Former British Prime Minister Tony Blair, presently the UK Government’s Middle East Envoy, says change is now inevitable in Egypt. Here, Blair raises the question being asked by analysts and observers worldwide: How will that change ultimately take form?
Kazakhstan’s constitutional council has rejected a referendum to extend its leader’s rule until 2020. President Nursultan Nazarbayev has been head of Central Asia’s largest economy for over 20 years. The 70-year-old leader has a month to appeal the decision. However, in his state of the union address last week, he said that should the vote be rejected, he would stand for election in 2012.
While much of the world’s international media has focused on the popular uprisings sweeping the Middle East, there have also been demonstrations in Asia, where the Thai government is again under increasing pressure from thousands of street protesters.
An examination of satellite images of Cairo shows the sheer breadth of the city, and this Al Jazeera report outlines the precise locations of violent protests and street demonstrations that have spread across the Egyptian capital during recent days.
“The people want the regime to fall.” That has been the rallying cry as street demonstrations continued yesterday in Cairo, with thousands flooding into the streets in defiance of a government ban to protest President Hosni Mubarak’s 30-year-old rule.
A trial involving the son of a minor official accused in a hit an run accident in central China has attracted national attention, according to this Al Jazeera report. The trial sparked public outrage and an internet campaign calling for justice when the accused son brushed off the incident, telling authorities that his father was an official in the government.
This video, reportedly taken by an eyewitness to the deadly terrorist attack at the Domodedovo airport outside Russia on Monday, appeared on YouTube Monday afternoon. Initial reports indicate 35 people were killed in the bombing, with 152 others injured. The video depicts the immediate aftermath of the bombing, showing a smoke-filled area of the airport and the bodies of victims on the floor.
Senior Arab officials are refuting the veracity of leaked documents showing that Palestinian negotiators agreed to make a string of once unthinkable concessions with Israel. A cache of thousands of pages of confidential Palestinian records, leaked to al-Jazeera TV and shared with the Guardian, began emerging over the weekend.
Two blasts hit the eastern Ukrainian town of Makiyivka on Jan. 20 and authorities were bracing for possible further attacks after unidentified attackers left a note at one of the explosion sites demanding millions of euros from the government. Ukraine’s security service is not ruling out terrorism. No one was hurt in the blasts.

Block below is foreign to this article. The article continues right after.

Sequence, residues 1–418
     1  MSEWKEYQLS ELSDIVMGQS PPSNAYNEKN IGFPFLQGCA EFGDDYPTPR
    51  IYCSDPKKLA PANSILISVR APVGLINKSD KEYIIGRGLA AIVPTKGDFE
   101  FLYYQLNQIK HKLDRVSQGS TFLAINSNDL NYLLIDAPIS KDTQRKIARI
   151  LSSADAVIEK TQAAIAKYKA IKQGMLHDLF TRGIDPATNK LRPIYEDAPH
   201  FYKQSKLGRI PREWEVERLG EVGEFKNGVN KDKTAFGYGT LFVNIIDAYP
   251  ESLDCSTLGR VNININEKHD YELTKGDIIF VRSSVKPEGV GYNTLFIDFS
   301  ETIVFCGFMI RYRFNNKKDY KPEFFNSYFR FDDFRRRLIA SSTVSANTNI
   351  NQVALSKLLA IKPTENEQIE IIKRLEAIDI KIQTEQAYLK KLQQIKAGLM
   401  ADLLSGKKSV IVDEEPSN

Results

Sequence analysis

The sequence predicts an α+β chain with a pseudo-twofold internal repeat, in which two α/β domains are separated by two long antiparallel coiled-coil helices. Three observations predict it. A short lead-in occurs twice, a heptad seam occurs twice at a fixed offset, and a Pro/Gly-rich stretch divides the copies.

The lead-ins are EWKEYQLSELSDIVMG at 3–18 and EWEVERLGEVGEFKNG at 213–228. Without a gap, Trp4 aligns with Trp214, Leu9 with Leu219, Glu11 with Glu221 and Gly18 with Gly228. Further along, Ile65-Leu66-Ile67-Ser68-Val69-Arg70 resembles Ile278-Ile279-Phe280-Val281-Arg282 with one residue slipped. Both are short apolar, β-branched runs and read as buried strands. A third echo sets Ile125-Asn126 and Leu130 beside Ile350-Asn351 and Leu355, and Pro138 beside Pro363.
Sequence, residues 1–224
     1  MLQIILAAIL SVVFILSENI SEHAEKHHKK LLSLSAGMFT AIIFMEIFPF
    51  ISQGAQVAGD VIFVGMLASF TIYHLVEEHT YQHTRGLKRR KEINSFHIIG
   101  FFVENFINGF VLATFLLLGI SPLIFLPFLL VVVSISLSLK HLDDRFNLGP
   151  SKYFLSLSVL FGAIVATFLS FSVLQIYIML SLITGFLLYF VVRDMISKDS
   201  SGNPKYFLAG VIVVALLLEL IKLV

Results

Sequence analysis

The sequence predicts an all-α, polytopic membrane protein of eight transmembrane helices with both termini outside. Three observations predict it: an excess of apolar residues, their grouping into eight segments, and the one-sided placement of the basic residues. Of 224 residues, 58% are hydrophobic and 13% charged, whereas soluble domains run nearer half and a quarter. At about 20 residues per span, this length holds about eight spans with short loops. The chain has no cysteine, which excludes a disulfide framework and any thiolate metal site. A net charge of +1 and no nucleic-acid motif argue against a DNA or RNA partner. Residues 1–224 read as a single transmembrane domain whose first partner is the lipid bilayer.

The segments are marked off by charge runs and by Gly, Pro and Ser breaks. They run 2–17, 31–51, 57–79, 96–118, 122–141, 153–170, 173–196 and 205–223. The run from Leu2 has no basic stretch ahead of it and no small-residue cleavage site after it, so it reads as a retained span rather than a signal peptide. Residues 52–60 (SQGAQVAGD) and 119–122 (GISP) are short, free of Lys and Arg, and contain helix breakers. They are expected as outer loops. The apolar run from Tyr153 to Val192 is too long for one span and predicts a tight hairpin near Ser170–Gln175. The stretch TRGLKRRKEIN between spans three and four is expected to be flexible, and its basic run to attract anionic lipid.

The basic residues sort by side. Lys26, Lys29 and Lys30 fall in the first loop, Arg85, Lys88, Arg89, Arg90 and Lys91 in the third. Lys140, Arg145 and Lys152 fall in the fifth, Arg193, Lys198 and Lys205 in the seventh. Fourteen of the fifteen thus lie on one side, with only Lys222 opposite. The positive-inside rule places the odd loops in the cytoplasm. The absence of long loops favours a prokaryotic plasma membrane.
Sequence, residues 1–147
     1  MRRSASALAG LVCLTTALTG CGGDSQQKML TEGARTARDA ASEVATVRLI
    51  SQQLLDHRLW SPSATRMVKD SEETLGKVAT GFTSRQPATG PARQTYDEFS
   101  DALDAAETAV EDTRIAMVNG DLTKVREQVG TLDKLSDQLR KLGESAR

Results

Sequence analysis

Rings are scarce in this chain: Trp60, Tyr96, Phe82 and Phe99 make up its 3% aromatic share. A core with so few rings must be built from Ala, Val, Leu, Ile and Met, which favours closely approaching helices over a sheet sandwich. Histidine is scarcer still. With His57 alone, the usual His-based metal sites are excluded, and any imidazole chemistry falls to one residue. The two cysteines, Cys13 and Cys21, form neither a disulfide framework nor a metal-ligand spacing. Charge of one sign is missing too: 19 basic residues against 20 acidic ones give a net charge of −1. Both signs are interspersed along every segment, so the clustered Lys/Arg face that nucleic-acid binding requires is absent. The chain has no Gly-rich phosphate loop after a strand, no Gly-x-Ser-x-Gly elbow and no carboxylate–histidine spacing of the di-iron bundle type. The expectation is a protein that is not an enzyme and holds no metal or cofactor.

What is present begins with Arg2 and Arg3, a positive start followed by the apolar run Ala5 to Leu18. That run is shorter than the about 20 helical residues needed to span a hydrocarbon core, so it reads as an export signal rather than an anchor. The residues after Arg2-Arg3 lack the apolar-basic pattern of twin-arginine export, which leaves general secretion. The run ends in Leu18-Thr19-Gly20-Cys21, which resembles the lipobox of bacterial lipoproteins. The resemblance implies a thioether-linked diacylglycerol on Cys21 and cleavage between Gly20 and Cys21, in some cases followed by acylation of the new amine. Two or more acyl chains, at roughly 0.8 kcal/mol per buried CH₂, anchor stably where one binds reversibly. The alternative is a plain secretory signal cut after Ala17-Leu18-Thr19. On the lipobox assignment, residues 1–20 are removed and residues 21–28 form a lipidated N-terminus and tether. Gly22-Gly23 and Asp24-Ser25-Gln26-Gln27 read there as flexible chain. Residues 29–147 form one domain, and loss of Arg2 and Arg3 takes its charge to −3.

Appearing this week before The Iraq Inquiry, former British Prime Minister Tony Blair expressed his belief that former U.S. president George W. Bush was set on regime change in Iraq straight after the 9/11 attacks. The Iraq Inquiry, also referred to as the Chilcot Inquiry after its chairman, Sir John Chilcot, is the ongoing British public inquiry into the United Kingdom’s role in the Iraq war.
Presidents Barack Obama and Hu Jintao held a joint press conference on Jan. 19, 2011. The first question from the press, on the issue of human rights, comes at 16:45 in the video. Both Hu and Obama commented on a wide variety of issues, including human rights. “China recognizes and also respects the universality of human rights,” said President Hu. “At the same time, we do believe that we also need to take into account the different and national circumstances when it comes to the universal value of human rights.”
Military bands and a 21-gun salute were part of the welcome for China’s President Hu Jintao during the first White House state visit by a Chinese leader in 13 years. U.S. President Barack Obama, however, wasted little time touching on the sensitive subject of human rights in China.
Iran has successfully test-fired an upgraded surface-to-air missile authorities say is aimed at protecting the counry’s most sensitive areas. The test was carried out near a nuclear facility in the central part of Iran. This video, from Russia’s government-owned English-language television station, features an interview with Victor Mizin, a political analyst at the Moscow State Institute for International Relations.
Tunisians are glad that President Zine El Abidine Ben Ali, who fled the country amid massive demonstrations last week, has been ousted, but they are keen to see the country up-and-running again. However, confusion reigns in many banks and official departments, there are still protests on the streets of Tunis, and the current caretaker government is in a precarious position.
Exiled Haitian dictator Jean-Claude “Baby Doc” Duvalier has made a surprise return to the county, adding to the country’s turmoil. In this NewsHour report on the development, Gwen Ifill speaks with NPR’s Jason Beaubien about possible implications of Duvalier’s return.
The Obama administration still says it will begin withdrawing U.S. forces from Afghanistan in six months. But a recent visit to Afghanistan by U.S. Vice President Joe Biden raised questions about how long the U.S. military will actually stay there and some analysts say there are benchmarks that Washington and NATO should consider in determining the length of their mission.